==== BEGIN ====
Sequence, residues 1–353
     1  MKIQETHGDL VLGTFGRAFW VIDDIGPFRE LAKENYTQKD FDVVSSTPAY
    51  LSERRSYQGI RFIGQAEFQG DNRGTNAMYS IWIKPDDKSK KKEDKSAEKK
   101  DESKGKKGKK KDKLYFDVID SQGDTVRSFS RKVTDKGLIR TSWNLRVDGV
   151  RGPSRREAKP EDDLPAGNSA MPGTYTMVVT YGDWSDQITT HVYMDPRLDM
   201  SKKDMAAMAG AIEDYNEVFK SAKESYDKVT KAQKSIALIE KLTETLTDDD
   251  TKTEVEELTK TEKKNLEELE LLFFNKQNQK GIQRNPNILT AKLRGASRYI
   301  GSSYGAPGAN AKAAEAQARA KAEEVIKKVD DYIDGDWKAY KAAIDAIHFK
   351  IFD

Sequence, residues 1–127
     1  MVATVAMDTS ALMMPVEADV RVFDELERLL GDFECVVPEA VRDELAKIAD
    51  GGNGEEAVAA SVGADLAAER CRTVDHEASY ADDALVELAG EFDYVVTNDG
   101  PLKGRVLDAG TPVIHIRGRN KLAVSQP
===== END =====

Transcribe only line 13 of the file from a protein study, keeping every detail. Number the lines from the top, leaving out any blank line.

   101  PLKGRVLDAG TPVIHIRGRN KLAVSQP